Beth Holloway, whose daughter Natalee disappeared five years ago in Aruba, speaks at the launch of the Natalee Holloway Resource Center (NHRC), a non-profit resource center created to assist the families of missing persons founded by Holloway and the National Museum of Crime & Punishment, in Washington June 8, 2010. Joran Van der Sloot, linked to the mysterious disappearance of Natalee in Aruba, has confessed to the murder of a female student in Peru, police said on Tuesday. Van der Sloot was arrested twice in the Holloway case, which was much publicized in the United States, but he was never charged due to insufficient evidence. REUTERS/Joshua Roberts (UNITED STATES - Tags: CRIME LAW SOCIETY)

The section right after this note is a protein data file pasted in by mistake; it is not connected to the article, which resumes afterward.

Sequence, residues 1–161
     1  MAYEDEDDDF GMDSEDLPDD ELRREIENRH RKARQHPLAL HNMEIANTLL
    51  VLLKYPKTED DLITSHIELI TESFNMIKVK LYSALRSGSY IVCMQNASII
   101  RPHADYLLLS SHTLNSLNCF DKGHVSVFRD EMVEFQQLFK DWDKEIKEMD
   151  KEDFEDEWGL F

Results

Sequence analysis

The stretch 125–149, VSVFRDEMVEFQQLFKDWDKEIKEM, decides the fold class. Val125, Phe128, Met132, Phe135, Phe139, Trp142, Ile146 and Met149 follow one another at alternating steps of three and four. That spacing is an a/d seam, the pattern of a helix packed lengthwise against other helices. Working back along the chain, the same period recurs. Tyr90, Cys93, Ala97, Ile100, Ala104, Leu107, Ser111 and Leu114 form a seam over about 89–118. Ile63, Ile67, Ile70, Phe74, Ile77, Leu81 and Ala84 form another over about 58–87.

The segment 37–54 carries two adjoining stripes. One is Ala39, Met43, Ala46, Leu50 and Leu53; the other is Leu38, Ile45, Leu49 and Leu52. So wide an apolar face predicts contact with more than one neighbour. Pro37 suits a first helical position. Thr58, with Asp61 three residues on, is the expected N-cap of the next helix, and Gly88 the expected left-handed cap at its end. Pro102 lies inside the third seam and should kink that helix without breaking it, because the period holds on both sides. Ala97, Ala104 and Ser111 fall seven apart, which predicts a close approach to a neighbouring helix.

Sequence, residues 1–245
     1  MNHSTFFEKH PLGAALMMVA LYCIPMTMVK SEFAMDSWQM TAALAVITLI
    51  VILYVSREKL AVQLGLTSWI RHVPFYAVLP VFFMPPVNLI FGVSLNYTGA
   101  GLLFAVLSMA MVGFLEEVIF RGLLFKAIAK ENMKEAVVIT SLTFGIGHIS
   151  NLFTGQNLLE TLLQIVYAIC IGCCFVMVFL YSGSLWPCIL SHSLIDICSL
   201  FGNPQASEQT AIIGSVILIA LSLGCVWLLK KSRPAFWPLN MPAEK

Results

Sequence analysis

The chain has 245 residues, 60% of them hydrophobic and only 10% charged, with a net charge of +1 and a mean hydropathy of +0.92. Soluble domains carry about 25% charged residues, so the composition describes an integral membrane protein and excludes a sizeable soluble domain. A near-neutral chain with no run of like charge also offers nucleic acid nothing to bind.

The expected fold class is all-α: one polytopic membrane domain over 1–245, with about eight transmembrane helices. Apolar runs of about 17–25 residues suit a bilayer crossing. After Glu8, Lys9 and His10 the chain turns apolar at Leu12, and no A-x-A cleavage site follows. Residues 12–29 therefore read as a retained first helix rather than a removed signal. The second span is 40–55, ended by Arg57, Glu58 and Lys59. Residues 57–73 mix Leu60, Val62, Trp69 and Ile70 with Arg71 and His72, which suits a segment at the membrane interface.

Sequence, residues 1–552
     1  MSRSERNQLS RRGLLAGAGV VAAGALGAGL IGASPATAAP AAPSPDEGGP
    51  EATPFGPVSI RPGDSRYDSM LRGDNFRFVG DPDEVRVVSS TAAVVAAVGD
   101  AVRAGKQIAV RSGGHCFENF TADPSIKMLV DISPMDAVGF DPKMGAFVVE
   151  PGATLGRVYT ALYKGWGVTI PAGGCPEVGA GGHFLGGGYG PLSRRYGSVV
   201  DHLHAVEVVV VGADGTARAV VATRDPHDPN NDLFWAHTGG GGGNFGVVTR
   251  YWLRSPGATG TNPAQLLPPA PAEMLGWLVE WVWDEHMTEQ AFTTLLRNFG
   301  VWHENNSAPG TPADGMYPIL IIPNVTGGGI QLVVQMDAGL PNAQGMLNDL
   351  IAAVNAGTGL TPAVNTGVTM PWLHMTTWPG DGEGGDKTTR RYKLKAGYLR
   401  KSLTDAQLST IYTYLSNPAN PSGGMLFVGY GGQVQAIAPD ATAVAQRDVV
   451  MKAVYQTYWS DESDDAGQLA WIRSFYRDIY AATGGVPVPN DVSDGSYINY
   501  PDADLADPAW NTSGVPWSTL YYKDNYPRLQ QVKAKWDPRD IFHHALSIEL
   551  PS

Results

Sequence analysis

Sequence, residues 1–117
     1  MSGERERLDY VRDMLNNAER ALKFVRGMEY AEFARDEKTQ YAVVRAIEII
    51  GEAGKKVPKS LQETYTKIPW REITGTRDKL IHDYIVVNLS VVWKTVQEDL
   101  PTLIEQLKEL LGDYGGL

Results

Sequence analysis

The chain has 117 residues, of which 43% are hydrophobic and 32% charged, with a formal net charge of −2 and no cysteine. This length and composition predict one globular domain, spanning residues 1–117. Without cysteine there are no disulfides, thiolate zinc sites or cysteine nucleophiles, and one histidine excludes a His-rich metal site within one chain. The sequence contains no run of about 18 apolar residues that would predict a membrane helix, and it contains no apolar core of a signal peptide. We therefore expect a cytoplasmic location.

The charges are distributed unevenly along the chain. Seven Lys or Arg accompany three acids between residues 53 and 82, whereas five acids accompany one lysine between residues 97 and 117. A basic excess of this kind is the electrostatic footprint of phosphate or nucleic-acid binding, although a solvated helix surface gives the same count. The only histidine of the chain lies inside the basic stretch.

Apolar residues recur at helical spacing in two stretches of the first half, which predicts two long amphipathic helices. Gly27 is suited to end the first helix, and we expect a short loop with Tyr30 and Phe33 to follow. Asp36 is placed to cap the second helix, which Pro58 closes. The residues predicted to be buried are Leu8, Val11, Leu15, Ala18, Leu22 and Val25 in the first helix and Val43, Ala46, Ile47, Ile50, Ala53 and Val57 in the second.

MERIDIAN, MS - JUNE 6: Jacki Curry holds her daughter, Jessica Curry, 19, during a prayer vigil at Poplar Springs Drive Baptist Church for missing teen Natalie Holloway, who disappeared a week ago while on a senior trip to Aruba, June 6, 2005 in Meridian, Mississippi. Holloway's father, David Holloway, belongs to the church in the southern city of about 40,000 residents. A massive search for the teen along the coast of Aruba has ensued and two men have been charged in connection with her disappearance. (Photo by Marianne Todd/Getty Images)
MERIDIAN, MS - JUNE 6: Mayor John Robert Smith and his wife Kelly Smith join a prayer vigil Poplar Springs Drive Baptist Church for missing teen Natalie Holloway, who disappeared a week ago while on a senior trip to Aruba, June 6, 2005 in Meridian, Mississippi. Holloway's father, David Holloway, belongs to the church in the southern city of about 40,000 residents. A massive search for the teen along the coast of Aruba has ensued and two men have been charged in connection with her disappearance. (Photo by Marianne Todd/Getty Images)